Posted: November 13, 2007 8:00 PM
Giuliani's Nomination Strategy Puts Focus Beyond Iowa, N.H.
Even with all the hype surrounding Iowa and New Hampshire, former New York Mayor Rudy Giuliani’s campaign is focusing instead on Florida’s Jan. 29 primary and Super Tuesday on Feb. 5, when 20 states including delegate-rich California and New York will cast their votes.
“There are multiple paths to victory and everyone seems to be focused on the traditional path of winning the early states and then have the momentum throughout. What we see is the possibility of two paths,” Giuliani campaign manager Michael DuHaime said Monday.
Giuliani, who holds the lead in most national polls, trails his rival former Massachusetts Gov. Mitt Romney, in Iowa and New Hampshire. Romney has campaigned heavily there, looking for momentum to boost him toward wins in later voting states.
On Monday, Giuliani’s DuHaime said the former mayor is strong enough beyond Iowa and New Hampshire to be “momentum proof.” Romney’s spokesman, Kevin Madden, compared the claim to Santa Claus and the Easter Bunny saying: “None of them exist,” according to Newsday.
The Giuliani campaign is also counting on Michigan’s Jan. 15 primary for a win, though the legality of the date is being worked out in court. If the earlier date is denied, Michigan Republicans may appoint its delegates during a state convention in late January, according to The Detroit News. Giuliani would have more of a chance winning in a primary vote than in an environment where Romney, a native of Michigan, and Arizona Sen. John McCain, Michigan’s 2000 primary winner, hold a competitive edge.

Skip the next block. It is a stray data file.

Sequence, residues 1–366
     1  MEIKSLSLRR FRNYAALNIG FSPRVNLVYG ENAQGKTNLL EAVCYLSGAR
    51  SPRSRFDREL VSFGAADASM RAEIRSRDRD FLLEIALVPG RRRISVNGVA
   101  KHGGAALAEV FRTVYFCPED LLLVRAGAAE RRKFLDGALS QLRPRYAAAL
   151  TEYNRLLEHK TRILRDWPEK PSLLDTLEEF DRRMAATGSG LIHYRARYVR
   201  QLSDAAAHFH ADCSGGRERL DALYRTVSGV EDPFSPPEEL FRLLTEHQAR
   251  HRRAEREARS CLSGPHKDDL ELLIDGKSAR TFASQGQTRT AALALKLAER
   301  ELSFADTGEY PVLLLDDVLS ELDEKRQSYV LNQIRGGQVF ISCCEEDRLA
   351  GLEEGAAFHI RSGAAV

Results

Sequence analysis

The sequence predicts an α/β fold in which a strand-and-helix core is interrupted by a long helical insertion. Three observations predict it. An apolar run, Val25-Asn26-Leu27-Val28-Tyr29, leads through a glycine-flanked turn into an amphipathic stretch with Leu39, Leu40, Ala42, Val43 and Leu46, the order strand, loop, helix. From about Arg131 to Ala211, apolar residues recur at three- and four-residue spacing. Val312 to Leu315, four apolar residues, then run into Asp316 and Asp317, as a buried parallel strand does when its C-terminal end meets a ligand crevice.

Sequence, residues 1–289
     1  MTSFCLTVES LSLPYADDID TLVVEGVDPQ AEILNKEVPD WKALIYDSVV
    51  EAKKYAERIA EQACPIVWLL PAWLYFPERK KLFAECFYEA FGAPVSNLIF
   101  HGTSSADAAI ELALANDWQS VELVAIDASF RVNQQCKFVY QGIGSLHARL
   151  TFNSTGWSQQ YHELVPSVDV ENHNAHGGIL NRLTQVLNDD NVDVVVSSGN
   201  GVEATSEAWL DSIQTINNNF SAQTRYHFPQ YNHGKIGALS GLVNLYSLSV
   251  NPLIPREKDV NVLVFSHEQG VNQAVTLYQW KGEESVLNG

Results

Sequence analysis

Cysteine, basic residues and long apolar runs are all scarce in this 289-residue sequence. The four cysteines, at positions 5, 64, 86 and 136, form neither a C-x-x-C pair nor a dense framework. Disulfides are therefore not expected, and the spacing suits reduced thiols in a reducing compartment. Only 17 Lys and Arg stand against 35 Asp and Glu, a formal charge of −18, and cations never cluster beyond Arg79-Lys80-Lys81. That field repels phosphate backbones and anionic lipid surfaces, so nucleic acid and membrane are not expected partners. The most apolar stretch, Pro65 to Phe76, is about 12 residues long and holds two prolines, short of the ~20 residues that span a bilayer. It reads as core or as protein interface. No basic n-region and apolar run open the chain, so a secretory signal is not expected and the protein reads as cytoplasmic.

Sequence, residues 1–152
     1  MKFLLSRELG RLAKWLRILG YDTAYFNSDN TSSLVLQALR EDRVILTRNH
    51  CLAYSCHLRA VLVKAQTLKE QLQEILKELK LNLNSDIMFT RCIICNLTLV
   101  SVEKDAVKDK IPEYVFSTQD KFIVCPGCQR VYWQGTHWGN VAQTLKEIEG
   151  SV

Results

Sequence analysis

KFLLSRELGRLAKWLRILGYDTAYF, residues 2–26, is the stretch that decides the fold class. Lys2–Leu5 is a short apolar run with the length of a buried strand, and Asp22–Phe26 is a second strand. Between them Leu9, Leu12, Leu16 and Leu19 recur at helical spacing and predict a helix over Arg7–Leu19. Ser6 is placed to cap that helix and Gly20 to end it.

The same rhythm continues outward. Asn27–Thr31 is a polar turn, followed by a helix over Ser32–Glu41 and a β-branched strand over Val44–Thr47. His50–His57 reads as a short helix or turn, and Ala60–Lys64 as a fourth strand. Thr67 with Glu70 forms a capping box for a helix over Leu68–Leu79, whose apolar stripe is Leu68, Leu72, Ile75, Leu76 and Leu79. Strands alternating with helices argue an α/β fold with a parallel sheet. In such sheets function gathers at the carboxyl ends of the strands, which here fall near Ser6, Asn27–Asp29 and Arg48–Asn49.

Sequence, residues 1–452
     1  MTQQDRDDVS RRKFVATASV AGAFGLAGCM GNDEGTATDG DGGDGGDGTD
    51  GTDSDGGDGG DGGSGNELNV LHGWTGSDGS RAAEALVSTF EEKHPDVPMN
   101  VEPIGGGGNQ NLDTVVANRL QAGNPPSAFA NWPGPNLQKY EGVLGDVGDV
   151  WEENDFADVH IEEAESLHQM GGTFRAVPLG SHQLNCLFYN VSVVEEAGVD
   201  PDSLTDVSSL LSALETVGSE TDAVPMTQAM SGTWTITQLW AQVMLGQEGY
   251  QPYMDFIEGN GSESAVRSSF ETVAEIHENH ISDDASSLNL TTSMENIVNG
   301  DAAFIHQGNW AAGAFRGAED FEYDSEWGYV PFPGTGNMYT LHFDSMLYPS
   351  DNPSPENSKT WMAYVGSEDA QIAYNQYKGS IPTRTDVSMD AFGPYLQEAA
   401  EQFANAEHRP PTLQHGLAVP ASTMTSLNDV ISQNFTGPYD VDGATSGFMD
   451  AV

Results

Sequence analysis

A breakdown of the numbers by the Associated Press explains how Giuliani could win enough delegates, even if he suffers loses in the early voting states.
Delegate counts and strategy memos aside, Giuliani’s former police commissioner Bernard Kerik was indicted on Friday and pleaded not guilty to 16 counts of federal corruption charges for actions that occurred during his time serving in Giuliani’s New York City government.
In response, Giuliani said, “I think he should have been checked out more carefully. I have said that, I have apologized for it. But the reality is we brought down crime by record proportions, we brought down violence and the prisons record proportions.”
It remains to be seen how much impact Kerik’s indictment and Giuliani’s connection to him will have on his campaign.
“Republicans are voting for him because they think he can beat Hillary,” said NewsHour analyst David Brooks. “And the core of the campaign that he’s running is electability. And unless this begins to hurt there, I suspect it will have a limited political fallout, at least in the near term.”
But the Kerik indictment raises issues about Giuliani appointing corrupt officials to his administration. “If Giuliani somehow does get himself elected, he would be better off picking the names of cabinet members out of a hat.” wrote the NY Daily News
On Wednesday, Giuliani’s campaign will kick off his national Hispanic coalition, called “Viva Rudy,” with two simultaneous events in Florida led by state Rep. Rene Garcia in Miami and U.S. Rep. Luis Fortuno in Orlando.
The former mayor will be in Council Bluffs, Iowa, on Wednesday morning, in Fargo, N.D. in the afternoon, back to Iowa for a visit with residents of Rock Rapids, and then to Sioux Falls, S.D., to speak at the 26th Annual South Dakota Law Enforcement Appreciation & Children’s Charities Dinner. On Thursday, he is scheduled to be in Florida.